The Prototype Development Lab is located at Oregon State University. From the very beginning, the focus of the PDL has been on interacting with industry and entrepreneurs to provide outstanding experiential learning for students, solve real world problems, and deliver results having practical bottom-line value to sponsors.
Dr. John Parmigiani is the primary leader of the PDL. He has a life-long passion for the creation of electro-mechanical devices, extensive practical experience and academic training, and is uniquely positioned at OSU to guide the PDL to success. He is joined with Dr. Rob Stone in guiding the PDL. Their technical expertise is supplemented, as needed, by the technical expertise of other OSU faculty.
OSU students and faculty engineer, design, and build mechanical and electromechanical devices for startups, established companies, and university researchers. The PDL uses cutting-edge robotics, additive manufacturing techniques, and digital- manufacturing equipment and software to efficiently design and build the prototypes needed to move from a market worthy idea to an actual physical embodiment to attract investors, obtain patents, create a product, and move to market. The focus of the lab is accessing OSU technical expertise to apply engineering principles to create prototype devices for sponsors.
The focus will be on trained graduate students applying engineering principles to create prototype devices for sponsors. It is not intended to be a “maker space” where clients simply access equipment, but rather a means by which the talent of an engineering research university is efficiently accessed and applied to prototype creation for clients.
John Parmigiani has a life-long love of mechanical engineering. Academic training began with metals-machining and vehicle mechanics courses prior to college and was followed with B.S. and M.S. degrees in mechanical engineering from the Pennsylvania State University, and a Ph.D in mechanical engineering from the University of Michigan. Professional experience includes 10 years as a practicing engineer in industry with several Pennsylvania manufacturing firms. Personal experince includes vehicle repair & restoration and countless construction & repair projects on his Pennsylvania farm and Oregon home. His current work at Oregon State University focuses on providing useful solutions to real-world mechanical engineering problems for a wide variety of project sponsors.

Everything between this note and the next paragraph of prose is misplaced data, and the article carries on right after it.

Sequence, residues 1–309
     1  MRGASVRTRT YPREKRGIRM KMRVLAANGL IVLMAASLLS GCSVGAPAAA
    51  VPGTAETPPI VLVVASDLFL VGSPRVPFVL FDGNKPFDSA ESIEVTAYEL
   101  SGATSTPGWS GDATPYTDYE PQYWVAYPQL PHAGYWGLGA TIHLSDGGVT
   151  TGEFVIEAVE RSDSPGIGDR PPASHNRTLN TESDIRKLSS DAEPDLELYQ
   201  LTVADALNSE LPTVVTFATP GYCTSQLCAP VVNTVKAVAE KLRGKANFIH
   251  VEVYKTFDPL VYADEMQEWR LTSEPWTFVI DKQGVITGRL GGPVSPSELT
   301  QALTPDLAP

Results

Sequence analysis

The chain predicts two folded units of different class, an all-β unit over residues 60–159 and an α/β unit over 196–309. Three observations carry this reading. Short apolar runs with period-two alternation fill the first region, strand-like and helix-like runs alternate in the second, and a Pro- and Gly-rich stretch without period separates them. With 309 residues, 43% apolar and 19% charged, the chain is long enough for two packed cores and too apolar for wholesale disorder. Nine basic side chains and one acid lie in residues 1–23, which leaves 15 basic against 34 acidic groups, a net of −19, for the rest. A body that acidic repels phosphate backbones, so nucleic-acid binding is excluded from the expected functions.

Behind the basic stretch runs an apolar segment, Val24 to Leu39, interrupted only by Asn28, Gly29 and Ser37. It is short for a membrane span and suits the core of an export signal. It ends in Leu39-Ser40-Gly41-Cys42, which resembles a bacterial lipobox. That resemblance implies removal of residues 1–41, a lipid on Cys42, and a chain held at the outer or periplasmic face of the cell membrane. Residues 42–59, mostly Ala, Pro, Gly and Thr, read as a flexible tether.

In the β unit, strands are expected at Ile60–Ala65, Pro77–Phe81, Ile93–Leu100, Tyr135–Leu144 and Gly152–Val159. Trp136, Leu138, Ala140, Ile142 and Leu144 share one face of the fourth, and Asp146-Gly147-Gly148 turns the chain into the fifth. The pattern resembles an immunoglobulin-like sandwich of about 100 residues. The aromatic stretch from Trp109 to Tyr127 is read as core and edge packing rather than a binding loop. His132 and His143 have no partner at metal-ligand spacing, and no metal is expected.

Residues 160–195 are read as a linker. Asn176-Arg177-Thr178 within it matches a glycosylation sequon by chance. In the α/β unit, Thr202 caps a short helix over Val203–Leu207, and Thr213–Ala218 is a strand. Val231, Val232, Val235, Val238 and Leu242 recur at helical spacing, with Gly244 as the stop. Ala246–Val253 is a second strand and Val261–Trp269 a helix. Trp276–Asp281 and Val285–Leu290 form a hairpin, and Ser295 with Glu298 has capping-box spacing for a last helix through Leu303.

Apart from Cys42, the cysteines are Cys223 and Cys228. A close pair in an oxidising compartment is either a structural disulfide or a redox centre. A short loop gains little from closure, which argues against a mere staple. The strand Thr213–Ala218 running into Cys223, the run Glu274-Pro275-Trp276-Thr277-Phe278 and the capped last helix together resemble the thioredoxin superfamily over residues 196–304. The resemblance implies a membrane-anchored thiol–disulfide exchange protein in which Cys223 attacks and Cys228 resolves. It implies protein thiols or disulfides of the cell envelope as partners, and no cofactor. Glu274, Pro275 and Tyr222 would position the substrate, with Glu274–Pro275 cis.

Licensed Professional Engineer in Oregon, Pennsylvania, and Washington
PhD in Mechanical Engineering, University of Michigan, 2007
MS in Mechanical Engineering, The Pennsylvania State University, 1997
BS in Mechanical Engineering, The Pennsylvania State University, 1987
Director of the Prototype Development Lab
Research Associate Professor of Mechanical Engineering
Director of Industry Research for the School of Mechanical, Industrial, and Manufacturing Engineering
Capstone Coordinator for the School of Mechanical, Industrial, and Manufacturing Engineering
Dr. Stone’s research interests include design theories and methodologies, specifically product architectures, functional representations, automated conceptual design techniques and innovation strategies for new product design. Dr. Stone’s passion is product design and innovation. His work takes inspiration and analogies from biology, nature, and existing products to then design new and innovative products and systems. His main tool for doing so is by reverse engineering products, modeling them in a unique way by looking at their functionality, and storing that information in a design repository and finding efficient ways of generating new design concepts using that data base to innovate not only every day products but also renewable systems like the solar house.
PhD, Mechanical Engineering, The University of Texas at Austin, 1997
MS, Mechanical Engineering, University of Missouri at Rolla, 1995
BS, Aerospace Engineering, University of Missouri at Rolla, 1992
Co-Director of the Prototype Development Lab
Professor of Mechanical Engineering
Our lab has access to:
A full machine and wood shop including the following:
Digital Fabrication Machinery
Please feel free to inquire further about our capabilities, we can also access additional machinery around the Oregon State campus.